scholarly authority is properly against employing such
reasoning. See id. at 1063-64. In the criminal context our own
Court of Appeals has held RICO does not require proof a
defendant is connected with organized crime. United States v.
Aleman, 609 F.2d 298, 303-04 (7th Cir. 1979), cert. denied,
445 U.S. 946, 100 S.Ct. 1345, 63 L.Ed.2d 780 (1980). It should also
follow that a cause of action under Private RICO, predicated on
violations of Section 1962, would lie though there is no
allegation defendants are involved with organized crime or
Although it too rejects that entirely unfounded limitation
on Private RICO, this Court has expressed its own concern lest
Section 1964(c) become a vehicle for asserting "garden variety
fraud claims" in federal court. Parnes v. Heinold Commodities,
Inc., 548 F. Supp. 20, 23 (N.D.Ill. 1982); see also Fields v.
National Republic Bank of Chicago, 546 F. Supp. 123, 124-25
(N.D.Ill. 1982); Salisbury v. Chapman, 527 F. Supp. 577, 579-81
& nn. 2-6 (N.D.Ill. 1981). However, this Court has not
permitted that concern
to override reasoned statutory construction. Instead the
analysis it has employed avoids both potential vices: (1)
judicial emasculation of the broad language Congress actually
used in RICO (see Parnes, 548 F. Supp. at 22-23) and (2)
illegitimate transformation of common law fraud claims into
federal claims by use of the RICO mold (see Fields, 546 F. Supp.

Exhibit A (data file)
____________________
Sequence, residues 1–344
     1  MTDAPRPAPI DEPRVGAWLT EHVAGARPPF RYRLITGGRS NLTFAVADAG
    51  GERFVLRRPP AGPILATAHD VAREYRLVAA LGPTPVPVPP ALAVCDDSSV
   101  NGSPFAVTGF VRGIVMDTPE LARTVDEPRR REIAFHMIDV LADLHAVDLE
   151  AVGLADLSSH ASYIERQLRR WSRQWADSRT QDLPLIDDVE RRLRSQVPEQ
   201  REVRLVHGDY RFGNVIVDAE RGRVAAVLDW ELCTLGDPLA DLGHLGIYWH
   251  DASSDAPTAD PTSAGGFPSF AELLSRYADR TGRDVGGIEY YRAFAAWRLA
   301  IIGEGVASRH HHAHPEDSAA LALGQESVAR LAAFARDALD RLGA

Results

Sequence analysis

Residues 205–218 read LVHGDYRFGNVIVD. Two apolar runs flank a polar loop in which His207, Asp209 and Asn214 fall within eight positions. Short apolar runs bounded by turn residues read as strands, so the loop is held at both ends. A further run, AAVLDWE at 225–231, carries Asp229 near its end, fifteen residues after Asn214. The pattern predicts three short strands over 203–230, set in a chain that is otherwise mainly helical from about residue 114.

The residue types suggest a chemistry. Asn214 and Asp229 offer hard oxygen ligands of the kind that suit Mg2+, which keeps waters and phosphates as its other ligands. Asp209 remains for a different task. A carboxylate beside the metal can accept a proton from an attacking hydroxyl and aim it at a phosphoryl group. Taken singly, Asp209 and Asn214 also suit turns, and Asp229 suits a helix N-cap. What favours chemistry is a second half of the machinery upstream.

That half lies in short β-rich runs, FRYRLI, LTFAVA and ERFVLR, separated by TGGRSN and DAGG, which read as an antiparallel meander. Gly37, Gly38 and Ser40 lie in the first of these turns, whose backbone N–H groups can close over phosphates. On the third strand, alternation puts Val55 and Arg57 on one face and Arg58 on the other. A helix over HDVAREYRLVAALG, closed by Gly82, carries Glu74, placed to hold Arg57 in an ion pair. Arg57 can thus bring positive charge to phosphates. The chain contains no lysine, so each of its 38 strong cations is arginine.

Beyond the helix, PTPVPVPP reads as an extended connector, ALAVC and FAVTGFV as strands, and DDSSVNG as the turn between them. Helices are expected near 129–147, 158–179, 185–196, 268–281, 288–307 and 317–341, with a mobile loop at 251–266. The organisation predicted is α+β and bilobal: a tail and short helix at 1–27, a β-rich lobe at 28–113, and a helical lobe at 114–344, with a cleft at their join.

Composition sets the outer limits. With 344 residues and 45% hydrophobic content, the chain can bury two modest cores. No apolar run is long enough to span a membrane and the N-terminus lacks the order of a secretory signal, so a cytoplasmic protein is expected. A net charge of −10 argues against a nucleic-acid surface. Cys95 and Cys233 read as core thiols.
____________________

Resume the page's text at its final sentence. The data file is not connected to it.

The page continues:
Section 1962 sets out three basic patterns of prohibited
activities and a related conspiracy provision:
(a) It shall be unlawful for any person who has
received any income derived, directly or
indirectly, from a pattern of racketeering
activity or through collection of an unlawful
debt in which such person has participated as a
principal . . . to use or invest, directly or
indirectly, any part of such income, or the
proceeds of such income, in acquisition of any
interest in, or the establishment or operation
of, any enterprise which is engaged in, or the
activities of which affect, interstate or foreign
commerce. . . .
(b) It shall be unlawful for any person through a
pattern of racketeering activity or through
collection of an unlawful debt to acquire or
maintain, directly or indirectly, any interest in
or control of any enterprise which is engaged in,
or the activities of which affect, interstate or
(c) It shall be unlawful for any person employed
by or associated with any enterprise engaged in,
or the activities of which affect, interstate or
foreign commerce, to conduct or participate,
directly or indirectly, in the conduct of such
enterprise's affairs through a pattern of
racketeering activity or collection of unlawful
(d) It shall be unlawful for any person to
conspire to violate any of the provisions of
subsections (a), (b), or (c) of this section.
Those patterns do sweep broadly, especially given the
expansive definitions of "racketeering activity," "person,"
"enterprise" and "pattern of racketeering activity" in
Sections 1961(1) and 1961(3)-(5) ("Section 1961").
Nevertheless it is against those patterns that Private RICO
claims must be tested. Strict adherence to Congress' language
will sustain only claims meeting Congress' own tests. Such an
approach ("strict constructionism," if you will) both accepts
the breadth of Congress' language and honors the limits of
Congress' provision of a federal cause of action.
In other words, a defendant should face Private RICO
liability only if alleged to have assimilated himself by his
own conduct to the patterns of conduct Congress